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Bombay Brasserie

Bombay Brasserie, a fine Indian restaurant, looks to the cultural diversity of Bombay, or rather Mumbai, for its menu inspirations. As well as being India’s financial and entertainment capital, the cosmopolitan city of Mumbai draws on the diverse cooking styles of Goa, Bengal, Gujarat and Rajasthan, as well as bringing in Portuguese influences.

Bombay Brasserie is located in the Millenium Hotel on Gloucester Road, with the main entrance to the restaurant being through The Bombay Bar, a stylish Raj-inspired bar that champions the exoticism of old Bombay. It’s a gorgeous place to unwind, particularly before lunch or dinner with plush sofas and photos of India from a bygone era defines the mood.

The restaurant is also a delight. Owned by the luxury hotel chain, The Taj Group, no expense was spared when it came to the décor at Bombay Brasserie. Heading through the double doors which separates the restaurant from the bar, one’s immediate reaction is one of awe. It sings of opulence, with grandiose chandeliers, stucco walls with inbuilt flickering lanterns and a spacious space laid out with comfortable banquette seating.

As for the food, this was a delight. We began our meal with the seafood platter (£24), a wonderful plate consisting of tasty soft shell crab, a perfectly cooked grilled scallop, pleasant monkfish, and a grilled prawn that gave way to a slightly smoky flavour.

Bombay Brassiere - London Food Blog - Seafood platter

Bombay Brassiere – Seafood platter

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ferdiesfoodlab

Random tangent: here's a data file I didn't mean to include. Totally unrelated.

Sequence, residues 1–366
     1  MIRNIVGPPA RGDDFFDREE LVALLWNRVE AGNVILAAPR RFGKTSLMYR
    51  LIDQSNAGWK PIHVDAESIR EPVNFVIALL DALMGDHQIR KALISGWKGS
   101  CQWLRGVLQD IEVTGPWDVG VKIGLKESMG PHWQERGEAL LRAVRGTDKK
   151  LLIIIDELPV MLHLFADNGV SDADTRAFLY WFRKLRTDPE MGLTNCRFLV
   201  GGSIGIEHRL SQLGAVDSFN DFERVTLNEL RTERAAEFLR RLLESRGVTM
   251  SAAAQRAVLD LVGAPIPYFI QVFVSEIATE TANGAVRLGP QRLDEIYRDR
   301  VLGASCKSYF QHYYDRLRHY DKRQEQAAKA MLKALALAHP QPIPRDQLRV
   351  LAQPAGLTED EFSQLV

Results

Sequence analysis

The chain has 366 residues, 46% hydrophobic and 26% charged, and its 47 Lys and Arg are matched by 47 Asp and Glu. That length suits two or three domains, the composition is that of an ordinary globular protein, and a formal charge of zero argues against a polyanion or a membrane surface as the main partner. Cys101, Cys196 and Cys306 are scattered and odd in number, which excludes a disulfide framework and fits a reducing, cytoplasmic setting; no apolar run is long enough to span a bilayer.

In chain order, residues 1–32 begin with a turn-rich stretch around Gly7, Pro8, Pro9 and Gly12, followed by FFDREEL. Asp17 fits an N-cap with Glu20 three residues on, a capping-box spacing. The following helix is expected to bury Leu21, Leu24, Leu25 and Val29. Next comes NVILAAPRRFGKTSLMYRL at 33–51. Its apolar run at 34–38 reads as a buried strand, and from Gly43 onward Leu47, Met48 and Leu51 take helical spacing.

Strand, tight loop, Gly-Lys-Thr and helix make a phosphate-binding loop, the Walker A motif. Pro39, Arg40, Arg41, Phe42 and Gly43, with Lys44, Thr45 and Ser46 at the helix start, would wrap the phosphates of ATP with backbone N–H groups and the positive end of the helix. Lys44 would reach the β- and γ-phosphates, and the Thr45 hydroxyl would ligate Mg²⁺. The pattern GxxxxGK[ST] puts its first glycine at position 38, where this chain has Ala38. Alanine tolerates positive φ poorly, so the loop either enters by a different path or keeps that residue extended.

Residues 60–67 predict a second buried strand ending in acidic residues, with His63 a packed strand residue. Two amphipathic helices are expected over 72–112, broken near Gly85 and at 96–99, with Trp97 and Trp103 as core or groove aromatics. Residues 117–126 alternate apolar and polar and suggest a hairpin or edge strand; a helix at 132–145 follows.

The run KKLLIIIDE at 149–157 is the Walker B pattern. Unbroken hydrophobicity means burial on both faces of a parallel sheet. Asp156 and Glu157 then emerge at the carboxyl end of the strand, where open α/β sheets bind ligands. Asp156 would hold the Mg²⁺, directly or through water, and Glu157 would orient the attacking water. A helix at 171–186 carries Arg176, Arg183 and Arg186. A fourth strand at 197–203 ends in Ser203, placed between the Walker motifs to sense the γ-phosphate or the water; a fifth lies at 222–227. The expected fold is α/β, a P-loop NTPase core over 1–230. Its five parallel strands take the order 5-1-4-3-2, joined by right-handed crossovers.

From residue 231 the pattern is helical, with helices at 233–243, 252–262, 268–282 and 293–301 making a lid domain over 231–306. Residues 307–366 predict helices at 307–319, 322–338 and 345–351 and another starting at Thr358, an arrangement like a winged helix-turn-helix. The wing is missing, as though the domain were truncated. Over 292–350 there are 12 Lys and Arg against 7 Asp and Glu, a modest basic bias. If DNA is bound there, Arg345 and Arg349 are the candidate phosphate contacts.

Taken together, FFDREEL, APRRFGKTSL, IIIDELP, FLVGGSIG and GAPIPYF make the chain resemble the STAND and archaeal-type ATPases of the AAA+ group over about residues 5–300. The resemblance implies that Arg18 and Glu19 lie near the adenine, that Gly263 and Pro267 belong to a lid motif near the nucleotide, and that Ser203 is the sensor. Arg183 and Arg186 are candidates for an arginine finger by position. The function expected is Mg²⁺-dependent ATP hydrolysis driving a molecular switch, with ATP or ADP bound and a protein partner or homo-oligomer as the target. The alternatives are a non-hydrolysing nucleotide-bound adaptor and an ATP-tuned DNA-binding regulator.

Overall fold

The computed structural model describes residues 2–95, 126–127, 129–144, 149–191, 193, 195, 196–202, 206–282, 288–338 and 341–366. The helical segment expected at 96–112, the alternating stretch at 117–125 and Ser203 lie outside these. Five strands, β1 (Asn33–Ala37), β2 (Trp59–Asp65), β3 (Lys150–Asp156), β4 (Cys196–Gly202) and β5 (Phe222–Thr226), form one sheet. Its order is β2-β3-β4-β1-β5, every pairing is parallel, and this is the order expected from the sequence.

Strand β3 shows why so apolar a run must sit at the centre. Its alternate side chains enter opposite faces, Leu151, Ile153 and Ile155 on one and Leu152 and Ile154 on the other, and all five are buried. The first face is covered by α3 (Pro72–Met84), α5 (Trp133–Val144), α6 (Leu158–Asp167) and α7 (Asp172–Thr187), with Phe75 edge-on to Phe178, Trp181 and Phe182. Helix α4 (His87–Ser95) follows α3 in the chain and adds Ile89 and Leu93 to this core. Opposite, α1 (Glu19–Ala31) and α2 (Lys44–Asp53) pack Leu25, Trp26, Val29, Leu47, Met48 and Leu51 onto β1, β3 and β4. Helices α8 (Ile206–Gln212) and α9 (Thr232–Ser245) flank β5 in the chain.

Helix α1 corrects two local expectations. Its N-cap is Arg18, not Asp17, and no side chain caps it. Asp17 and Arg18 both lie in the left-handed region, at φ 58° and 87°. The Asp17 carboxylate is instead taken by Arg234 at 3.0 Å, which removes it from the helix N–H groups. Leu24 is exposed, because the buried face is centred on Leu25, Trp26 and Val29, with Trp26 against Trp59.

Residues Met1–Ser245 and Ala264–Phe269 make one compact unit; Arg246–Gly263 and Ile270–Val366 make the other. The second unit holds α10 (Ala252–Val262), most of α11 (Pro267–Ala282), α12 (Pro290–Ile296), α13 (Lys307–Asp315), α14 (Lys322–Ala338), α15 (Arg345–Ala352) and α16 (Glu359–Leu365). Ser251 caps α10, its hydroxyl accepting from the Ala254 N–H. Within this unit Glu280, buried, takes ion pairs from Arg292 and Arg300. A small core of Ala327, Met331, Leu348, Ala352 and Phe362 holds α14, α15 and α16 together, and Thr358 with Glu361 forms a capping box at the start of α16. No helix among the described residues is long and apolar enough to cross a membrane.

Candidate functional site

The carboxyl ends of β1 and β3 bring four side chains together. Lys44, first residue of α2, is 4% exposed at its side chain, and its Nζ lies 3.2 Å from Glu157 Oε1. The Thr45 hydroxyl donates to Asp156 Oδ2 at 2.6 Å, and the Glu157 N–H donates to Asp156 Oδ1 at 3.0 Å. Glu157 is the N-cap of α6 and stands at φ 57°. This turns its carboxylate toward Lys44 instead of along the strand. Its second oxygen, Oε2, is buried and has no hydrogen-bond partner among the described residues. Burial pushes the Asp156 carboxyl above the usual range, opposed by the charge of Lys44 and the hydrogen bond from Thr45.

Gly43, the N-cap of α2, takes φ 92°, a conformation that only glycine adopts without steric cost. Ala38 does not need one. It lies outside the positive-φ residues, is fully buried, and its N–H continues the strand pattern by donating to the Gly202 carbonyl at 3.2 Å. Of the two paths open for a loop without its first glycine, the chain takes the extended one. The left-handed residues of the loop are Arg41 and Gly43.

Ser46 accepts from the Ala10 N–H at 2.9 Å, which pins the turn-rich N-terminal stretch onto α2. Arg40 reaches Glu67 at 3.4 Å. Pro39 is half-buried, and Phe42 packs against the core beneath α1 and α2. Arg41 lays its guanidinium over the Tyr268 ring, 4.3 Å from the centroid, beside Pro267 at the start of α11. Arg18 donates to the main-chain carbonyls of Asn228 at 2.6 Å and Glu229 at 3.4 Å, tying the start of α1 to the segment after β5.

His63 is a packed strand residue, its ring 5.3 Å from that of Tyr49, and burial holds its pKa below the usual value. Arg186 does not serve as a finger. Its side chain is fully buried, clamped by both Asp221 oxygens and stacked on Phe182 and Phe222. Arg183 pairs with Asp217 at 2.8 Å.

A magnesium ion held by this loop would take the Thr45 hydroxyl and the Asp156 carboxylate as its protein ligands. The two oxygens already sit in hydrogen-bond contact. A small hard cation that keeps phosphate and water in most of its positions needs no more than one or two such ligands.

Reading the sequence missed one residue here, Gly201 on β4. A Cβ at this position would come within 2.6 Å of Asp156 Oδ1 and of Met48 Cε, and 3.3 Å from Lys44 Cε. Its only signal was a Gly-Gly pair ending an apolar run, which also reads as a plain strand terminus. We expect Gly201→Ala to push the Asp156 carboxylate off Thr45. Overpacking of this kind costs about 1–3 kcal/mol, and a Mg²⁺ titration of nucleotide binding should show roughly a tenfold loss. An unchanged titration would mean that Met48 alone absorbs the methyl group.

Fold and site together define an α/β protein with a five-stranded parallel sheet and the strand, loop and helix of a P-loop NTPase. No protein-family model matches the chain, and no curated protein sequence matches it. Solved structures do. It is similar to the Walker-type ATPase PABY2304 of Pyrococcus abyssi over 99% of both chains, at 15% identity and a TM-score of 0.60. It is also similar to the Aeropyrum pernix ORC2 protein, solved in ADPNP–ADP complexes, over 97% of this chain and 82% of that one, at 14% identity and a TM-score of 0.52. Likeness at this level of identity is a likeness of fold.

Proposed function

FERDIESFOODLAB

Simon Fernandez, the man behind ferdiesfoodlab, burst onto the supper club scene some seven years ago, with his then legendary fernandezandleluu supper club. His latest pop up being a project sees him in collaboration with the London Kitchen Project in Battersea. A non-profit community centre that started life about six months ago, the London Kitchen Project seats 40 and devotes itself to food, sustainability and the use of 100% renewable energy.

The collaborative project sees ferdiesfoodlab running a series of pop up dinners at the London Kitchen Project approximately every four weeks, serving a six course-tasting menu priced at £45. P and I popped along recently and found the dinner to be well considered and cleverly constructed. The first course was a 5hr slow roast rib of lamb, pulled, pressed, cubed and coated in breadcrumbs, served with garlic Turkish bread and a dip of fresh herbs and lime. The lamb was delicious, moist and moreish, and went swimmingly with the accompanying bread and dip. But the crumbing on the lamb could have been crispier which would have really elevated the dish.

Ferdies Food Lab - London Food Blog - Slow cooked lamb

Ferdies Food Lab – Slow cooked lamb

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Barrica Tapas Bar

Barrica Tapas Bar, sister restaurant to Copitas Tapas Bar in Soho, is a quaint and cosy Spanish restaurant in Fitrovia with yellow walls and checkered tiles. Laid-back it might be, but both the food and wine list are adorned with serious stuff to offer the diner an experience that is genuinely authentic.

On the menu were the usual classics such as croquetas de jamón and tortilla (both of which had run out by the time we turned up), a range of hams, but to name a few. The wine list had been carefully compiled to showcase the diversity of Spain and included 16 sherries, ranging from sweet to dry, with each being available by the glass. Barrica means business, having invested in a bespoke, temperature-controlled cabinet which keeps red wine at its optimal drinking temperature, 16 degrees celsius. What’s more, everything is very reasonably priced. In 2016, Barrica was awarded a Bib Gourmand by the Michelin Guide which recognises quality at great value.

Sadly we didn’t have the opportunity to try the tortilla or the croquetas (my go-to favourites), but we were thoroughly thrilled by all the other savoury items that we tried, especially the grilled king prawns (£9) which were a delight. On the plate were three large prawns in the shell which were nicely cooked, succulent and juicy.

Barrica Tapas Bar - London Food Blog - Grilled prawns

Barrica Tapas Bar – Grilled prawns